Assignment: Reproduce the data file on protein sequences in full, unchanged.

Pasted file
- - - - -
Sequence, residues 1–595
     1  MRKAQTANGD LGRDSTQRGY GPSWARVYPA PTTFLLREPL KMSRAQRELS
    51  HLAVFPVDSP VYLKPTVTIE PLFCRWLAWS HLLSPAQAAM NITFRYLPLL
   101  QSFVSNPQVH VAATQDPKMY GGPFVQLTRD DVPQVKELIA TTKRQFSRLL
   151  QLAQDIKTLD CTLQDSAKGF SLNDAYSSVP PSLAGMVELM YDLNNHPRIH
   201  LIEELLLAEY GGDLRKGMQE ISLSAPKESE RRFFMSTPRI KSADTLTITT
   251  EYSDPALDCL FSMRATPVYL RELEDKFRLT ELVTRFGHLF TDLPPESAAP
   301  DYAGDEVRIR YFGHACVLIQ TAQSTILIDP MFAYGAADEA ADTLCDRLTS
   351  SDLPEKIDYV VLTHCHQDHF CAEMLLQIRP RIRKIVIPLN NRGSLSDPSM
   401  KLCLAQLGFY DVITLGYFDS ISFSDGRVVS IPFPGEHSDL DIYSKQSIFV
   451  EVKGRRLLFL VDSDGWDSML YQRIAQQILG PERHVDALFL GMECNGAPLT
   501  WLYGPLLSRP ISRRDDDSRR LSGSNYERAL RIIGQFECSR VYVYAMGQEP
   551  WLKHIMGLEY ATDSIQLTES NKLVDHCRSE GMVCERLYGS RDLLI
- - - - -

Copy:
Sequence, residues 1–595
     1  MRKAQTANGD LGRDSTQRGY GPSWARVYPA PTTFLLREPL KMSRAQRELS
    51  HLAVFPVDSP VYLKPTVTIE PLFCRWLAWS HLLSPAQAAM NITFRYLPLL
   101  QSFVSNPQVH VAATQDPKMY GGPFVQLTRD DVPQVKELIA TTKRQFSRLL
   151  QLAQDIKTLD CTLQDSAKGF SLNDAYSSVP PSLAGMVELM YDLNNHPRIH
   201  LIEELLLAEY GGDLRKGMQE ISLSAPKESE RRFFMSTPRI KSADTLTITT
   251  EYSDPALDCL FSMRATPVYL RELEDKFRLT ELVTRFGHLF TDLPPESAAP
   301  DYAGDEVRIR YFGHACVLIQ TAQSTILIDP MFAYGAADEA ADTLCDRLTS
   351  SDLPEKIDYV VLTHCHQDHF CAEMLLQIRP RIRKIVIPLN NRGSLSDPSM
   401  KLCLAQLGFY DVITLGYFDS ISFSDGRVVS IPFPGEHSDL DIYSKQSIFV
   451  EVKGRRLLFL VDSDGWDSML YQRIAQQILG PERHVDALFL GMECNGAPLT
   501  WLYGPLLSRP ISRRDDDSRR LSGSNYERAL RIIGQFECSR VYVYAMGQEP
   551  WLKHIMGLEY ATDSIQLTES NKLVDHCRSE GMVCERLYGS RDLLI